I spent my last 30 minutes at the 2nd annual Beijing Craft Beer Festival sitting behind a desk under the LGBT Resource Center tent handing out fliers and chatting with curious Chinese onlookers and expats happy to see the table. (How drunk was I? You decide.) Ni hao, women shi Beijing TongZhi ZhongXin, we announced to a curious child and his semi-interested mother. Her eyes snapped to a rainbow-patterned poster, then to the two smiling foreigners sitting in front of her. With the speed and grace of a defensive tackle scooping up a fumble, lady disappeared with child.
Not a minute later, a separate young mother had her two daughters each put 10 kuai into the donations box. Scurrying and donating — it was like that all evening, and the organizers were just fine with that.
I’m guessing that the majority of readers, especially those outside of Beijing, mostly know about the beer festival because of the dust-up between the LGBT Center and Soho management, in which a mid-level manager — since reprimanded — wrote that LGBT members might “not fit with the site’s architecture.” Well, the Center was there. No protest. No glitterbombing. The architecture seemed fine.
Earlier that evening, when I approached the tent and said I wanted to get some quotes for an article, I was cheerfully yet firmly directed to turn off my recorder and wait for Stepehen Leonelli, the development and operations director of the Beijing LGBT Center. Arriving with a beer in hand, he made it clear that his organization never intended to have a public spat with Soho. I noticed a pile of That’s Beijing magazines — the guys who broke the original story – and was made to understand that their story wasn’t necessarily welcome.
“I understand there’s a tension within these journalists because they want to write about a subject that’s very sensational,” Leonelli said. But when the story broke, he added, LGBT had already been in talks with the people at Great Leap Brewing — the primary organizers of the beer festival — and Soho management to ensure that the LGBTQ community would be there.
The LGBT Center eventually got a formal apology from Soho, which said they have an anti-discrimination policy. The Center pushed for Soho’s policy to include a specific clause stating that the company doesn’t discriminate against sexual orientation or gender identity, but as Leonelli put it, “in China, generally speaking, we’re not there yet.” They had, however, been getting a positive response at the festival, and received lots of donations.
Galaxy Soho comprises the three bleached-white honeycombs designed by Zaha Hadid, known for being empty and holding events. The space felt large and cozy, with sterile office complexes surrounding beer and food tents (Taco Bar came back!). “Embrace Zaha. We are in her womb. You are Zaha,” is how one expat described the experience. My bad for not thinking to check if she was on anything at the moment.
She was certainly drunk though, as were most of the 4,500 people who made their way through the festival despite the early rain and ominous skies. “It’s great to get all the best brews in one place in a very convenient way,” another friend said. “It is a very convenient way to get drunk.”
Organized by Great Leap Brewing and SeeDiceGo (the recently publicized name for Candice Lee’s event-throwing crew, which, according to Lee, is probably throwing its last party), the festival crowd appeared pretty split in their allegiances between GLB and SDG. The tight-pantsed and Ai Weiwei-barbered opinion leaders and social media gurus from C-Dice’s chili cook-off and bowling league formed one group, while the cargo-shorted, non-flat-brimmed hat-wearing older crowd with wife and children in tow (“Goddamnit Starry, I didn’t buy a motherflippin’ 4,000 kuai double-stroller so you and your girlfriends could just shuttle the kids from pilates to The Orchard… YOU call the damn driver, you know he has no idea what I’m saying… Oh can it, if we don’t hit traffic we should make it down from Shunui in an hour and a half!”) formed the other.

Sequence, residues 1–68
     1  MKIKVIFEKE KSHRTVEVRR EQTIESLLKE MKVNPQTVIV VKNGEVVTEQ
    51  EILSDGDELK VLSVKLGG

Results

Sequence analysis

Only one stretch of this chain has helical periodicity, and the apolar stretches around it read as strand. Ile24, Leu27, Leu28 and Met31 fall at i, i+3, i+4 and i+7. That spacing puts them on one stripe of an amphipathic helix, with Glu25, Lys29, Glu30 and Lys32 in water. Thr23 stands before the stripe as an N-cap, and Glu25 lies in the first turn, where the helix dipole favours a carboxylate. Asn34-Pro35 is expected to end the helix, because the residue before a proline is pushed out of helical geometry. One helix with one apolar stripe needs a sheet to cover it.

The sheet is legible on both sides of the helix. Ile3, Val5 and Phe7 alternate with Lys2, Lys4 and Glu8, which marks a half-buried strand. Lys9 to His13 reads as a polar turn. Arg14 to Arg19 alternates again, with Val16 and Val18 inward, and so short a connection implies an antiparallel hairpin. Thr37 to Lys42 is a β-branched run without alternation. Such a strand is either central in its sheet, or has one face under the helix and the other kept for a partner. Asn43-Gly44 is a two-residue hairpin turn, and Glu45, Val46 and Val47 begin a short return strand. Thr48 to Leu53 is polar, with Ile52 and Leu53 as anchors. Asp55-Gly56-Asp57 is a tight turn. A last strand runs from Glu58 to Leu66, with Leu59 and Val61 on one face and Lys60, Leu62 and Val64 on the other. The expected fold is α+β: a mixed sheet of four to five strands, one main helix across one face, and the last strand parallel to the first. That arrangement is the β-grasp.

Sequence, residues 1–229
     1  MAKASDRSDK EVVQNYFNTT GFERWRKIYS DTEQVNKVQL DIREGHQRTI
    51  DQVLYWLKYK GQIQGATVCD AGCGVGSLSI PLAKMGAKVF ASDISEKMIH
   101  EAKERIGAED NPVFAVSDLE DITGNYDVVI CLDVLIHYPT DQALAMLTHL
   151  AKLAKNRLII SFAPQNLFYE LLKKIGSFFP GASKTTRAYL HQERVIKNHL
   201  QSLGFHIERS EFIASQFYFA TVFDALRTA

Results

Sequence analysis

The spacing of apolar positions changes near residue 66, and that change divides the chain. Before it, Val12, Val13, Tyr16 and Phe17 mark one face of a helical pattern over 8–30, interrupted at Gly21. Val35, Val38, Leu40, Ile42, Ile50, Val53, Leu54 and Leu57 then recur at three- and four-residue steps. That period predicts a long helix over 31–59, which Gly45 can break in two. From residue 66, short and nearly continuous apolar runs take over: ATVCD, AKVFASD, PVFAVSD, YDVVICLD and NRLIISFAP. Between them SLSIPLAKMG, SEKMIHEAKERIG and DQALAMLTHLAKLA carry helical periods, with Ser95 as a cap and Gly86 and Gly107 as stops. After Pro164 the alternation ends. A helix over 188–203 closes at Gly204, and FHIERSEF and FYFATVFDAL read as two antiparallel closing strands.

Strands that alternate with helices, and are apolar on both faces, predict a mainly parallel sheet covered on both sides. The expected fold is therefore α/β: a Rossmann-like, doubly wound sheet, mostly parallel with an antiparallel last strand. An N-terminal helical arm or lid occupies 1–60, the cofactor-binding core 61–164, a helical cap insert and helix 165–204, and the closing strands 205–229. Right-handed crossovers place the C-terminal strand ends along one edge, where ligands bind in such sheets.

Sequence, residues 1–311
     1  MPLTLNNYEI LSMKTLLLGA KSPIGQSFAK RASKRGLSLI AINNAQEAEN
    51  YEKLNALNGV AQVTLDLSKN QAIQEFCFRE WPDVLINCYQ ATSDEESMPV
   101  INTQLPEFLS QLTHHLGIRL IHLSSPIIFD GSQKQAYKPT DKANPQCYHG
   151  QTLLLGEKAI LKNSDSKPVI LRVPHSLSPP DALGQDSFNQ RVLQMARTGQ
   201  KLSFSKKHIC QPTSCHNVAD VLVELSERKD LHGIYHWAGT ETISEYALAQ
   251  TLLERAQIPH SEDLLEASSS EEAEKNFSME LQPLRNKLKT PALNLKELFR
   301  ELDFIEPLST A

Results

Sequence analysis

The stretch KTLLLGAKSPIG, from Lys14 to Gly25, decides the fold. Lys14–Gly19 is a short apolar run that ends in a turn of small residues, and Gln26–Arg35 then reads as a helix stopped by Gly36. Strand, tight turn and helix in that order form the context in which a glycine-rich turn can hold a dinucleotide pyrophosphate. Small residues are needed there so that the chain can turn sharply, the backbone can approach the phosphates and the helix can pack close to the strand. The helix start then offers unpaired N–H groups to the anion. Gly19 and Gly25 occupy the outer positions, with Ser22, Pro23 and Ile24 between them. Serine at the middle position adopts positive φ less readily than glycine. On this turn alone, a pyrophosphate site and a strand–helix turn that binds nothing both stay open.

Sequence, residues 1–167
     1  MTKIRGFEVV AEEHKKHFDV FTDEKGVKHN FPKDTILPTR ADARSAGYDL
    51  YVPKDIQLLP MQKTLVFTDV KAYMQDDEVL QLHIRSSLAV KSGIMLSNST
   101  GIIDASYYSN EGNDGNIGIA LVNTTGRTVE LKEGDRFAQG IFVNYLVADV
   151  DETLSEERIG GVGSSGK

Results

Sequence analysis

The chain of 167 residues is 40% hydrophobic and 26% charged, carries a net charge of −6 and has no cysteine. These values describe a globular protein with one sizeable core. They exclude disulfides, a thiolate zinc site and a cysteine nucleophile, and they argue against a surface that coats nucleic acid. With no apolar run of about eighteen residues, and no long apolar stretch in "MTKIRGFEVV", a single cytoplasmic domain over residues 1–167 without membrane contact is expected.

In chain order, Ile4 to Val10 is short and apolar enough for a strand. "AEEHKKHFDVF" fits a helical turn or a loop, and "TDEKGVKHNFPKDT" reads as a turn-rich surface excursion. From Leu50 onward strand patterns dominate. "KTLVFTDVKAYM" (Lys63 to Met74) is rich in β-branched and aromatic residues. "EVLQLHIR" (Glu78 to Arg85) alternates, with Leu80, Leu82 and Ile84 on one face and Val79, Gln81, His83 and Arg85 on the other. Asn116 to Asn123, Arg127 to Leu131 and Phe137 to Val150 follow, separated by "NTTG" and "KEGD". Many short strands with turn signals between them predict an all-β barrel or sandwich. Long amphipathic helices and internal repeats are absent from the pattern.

They were able to put their differences aside for one thing: the beers, which did not disappoint. While there was some grousing that no one made any special beers for the festival, the range of options, from Beijing stalwarts Great Leap and Slow Boat, to Boxing Cat from Shanghai, as well as beers from two Taiwanese dudes dressed as Germans, provided enough variety to appease even the most capable of drinkers. I showed up having not eaten, quickly put down a Taiwanese beer (bomb), one of the Jing A Strawberry Stouts (…an acquired taste) and two (or three?) Boxing Cats, then all the home-brew beers. I expressed my surprise to one of the home-brewers that without the fancy vats and expensive gear of the bigger breweries, the beer was equally as delicious. He gave me the same look I gave a college friend when she expressed disbelief that they could have yogurt in Africa considering they didn’t have “microscopes and stuff there.” Needless to say, despite the lack of production sophistication and the fact that they often resort to smuggling hops into the country in briefcases, the home-brews delivered.
After jamming along to Tavey Lean and the Solid Gold Dream Machine and the Hutong Yellow Weasels/Beijing Pickers, being interviewed for TV, and getting into a highbrow discussion on dating amongst foreigners (“see, all you young dudes are doing it wrong with these Chinese girls. Out here man, I’ve banged my way through the Pac-12, I’ve banged my way through the Ivy League…”), I decided to head out.
There’s something to be said for local expat bars being able to put on events of this magnitude in spaces as prominent as the Galaxy, and hopefully the trend continues. Despite some rough edges with a few beers running out early, and the issue of, well, you know, the event was well received and well organized. Hopefully, even with SeeDiceGo leaving town, we’ll still be able, here in Beijing, to have nice things.